The third reason to check out Art Basel is that it is a kind of magical middle ground. It is filled with galleries, but it is not a gallery, nor is it a museum. Art fairs in general are packed with so many galleries with so much art that you are free to peruse or ignore as you please. Don’t like the art in that particular booth? Just walk on to the next one. No big deal. But if you do see something that grabs your interest, and because all the art is for sale, you can get much closer to it than you would at a museum. You can, if you ask, even handle the art, have them take it off the wall so you can look at the back. Do that at the DMA or the Kimbell, and you will get a man on a walkie-talkie escorting you to security.

Art fairs are like museums in that they are curated exhibitions. They usually consist of galleries that have met some kind of curated standard set up by the art fair. And because of the expense of being involved in an art fair, the galleries tend to curate their own work, bringing with them really good examples of art work by their best artists. When you add this all up, art fairs often display better and more contemporary artwork than most museums have in their collections.

Well, that’s enough about the wonderful layers of Art Basel. I hope it has not only inspired you to check out next years Art Basel, but also to attend some of the up coming art fairs, too. If so, you’re in luck.

This Feb. 5-8 there will be a national art fair held right here in Dallas. It’s called The Dallas Art Fair. OK, so the name is a bit lackluster. But it will host 30 galleries from across the country, including three galleries from North Texas. This will be the first year for the Dallas Art Fair, so it won’t be anywhere as big as Art Basel. But it will give you the opportunity to experience first hand works of art by national and internationally known artists. Who knows — you may dance a little dance, and buy a little art.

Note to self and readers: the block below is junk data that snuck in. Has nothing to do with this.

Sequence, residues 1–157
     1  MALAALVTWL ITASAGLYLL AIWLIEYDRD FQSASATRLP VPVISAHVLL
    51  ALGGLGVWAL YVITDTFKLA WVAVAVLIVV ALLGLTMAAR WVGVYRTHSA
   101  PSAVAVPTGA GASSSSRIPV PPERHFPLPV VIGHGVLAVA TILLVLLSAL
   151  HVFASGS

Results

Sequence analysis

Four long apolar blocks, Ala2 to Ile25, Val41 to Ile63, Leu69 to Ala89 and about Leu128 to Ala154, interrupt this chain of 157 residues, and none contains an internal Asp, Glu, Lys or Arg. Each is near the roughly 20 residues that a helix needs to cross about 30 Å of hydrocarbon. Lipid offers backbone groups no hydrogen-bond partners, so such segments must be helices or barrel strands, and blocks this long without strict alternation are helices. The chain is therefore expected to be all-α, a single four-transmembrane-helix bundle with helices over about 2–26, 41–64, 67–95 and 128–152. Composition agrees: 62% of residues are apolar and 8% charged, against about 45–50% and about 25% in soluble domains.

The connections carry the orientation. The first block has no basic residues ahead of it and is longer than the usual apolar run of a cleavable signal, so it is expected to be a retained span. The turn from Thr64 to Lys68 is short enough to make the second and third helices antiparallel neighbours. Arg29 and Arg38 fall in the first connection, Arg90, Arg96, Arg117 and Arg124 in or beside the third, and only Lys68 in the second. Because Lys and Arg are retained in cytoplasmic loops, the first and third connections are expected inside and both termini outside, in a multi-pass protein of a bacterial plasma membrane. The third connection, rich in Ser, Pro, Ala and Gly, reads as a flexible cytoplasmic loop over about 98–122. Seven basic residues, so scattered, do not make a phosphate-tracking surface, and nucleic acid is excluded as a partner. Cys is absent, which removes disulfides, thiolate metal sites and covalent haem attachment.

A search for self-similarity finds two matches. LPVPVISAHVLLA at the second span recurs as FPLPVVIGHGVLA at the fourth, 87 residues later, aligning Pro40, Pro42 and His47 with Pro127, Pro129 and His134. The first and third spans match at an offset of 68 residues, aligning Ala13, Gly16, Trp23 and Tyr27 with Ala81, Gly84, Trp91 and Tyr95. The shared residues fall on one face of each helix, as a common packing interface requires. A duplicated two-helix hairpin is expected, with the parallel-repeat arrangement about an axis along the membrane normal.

I’ll leave you with a few more shots of local folks in Miami:

Cris Worley of Pan American Art Projects

Nancy Whitenack (left) and Danette Dufilho of Conduit Gallery

  • Why do you have to go to an art fair to see art? Why can’t it come to you?
    The art revolution advocates bringing art down from ivory towers, and integrating it into everyone’s lives not just those lucky enough to go to art fairs.

  • It’s not about lucky. It’s about making a decision on how you spend your art/travel/education dollars. If you want to see what is happening in the world of art first hand, you have to get out of you house and travel, near and far. Art fairs represent the biggest bang for your buck.

    The art revolution is about access to art. Whether it’s the ivory tower museum, filled with Rembrandts, Monets, and Calders, or the 500X gallery with their Annual Open Invitational Show, there is multiple layers of art to be seen and enjoyed by everyone.

  • As one who invented and has led the revolution in the arts for 16 years, I have written that a big part of it is the mass production of art . Look what that has done for lit – books, movies – dvds,l music – records. Art is the last big art to be mass produced.
    Then you can make exact copies of all those Rembrandts, Monets and Calders (his paintings anyway), and put them on a truck ( hardly any insurance needed because they are copies) and take it to auditoriums not only in Dallas suburbs, but Tyler, Longview, etc. It could also set up in every public school.
    Now that’s what I mean by getting it out of Ivory towers.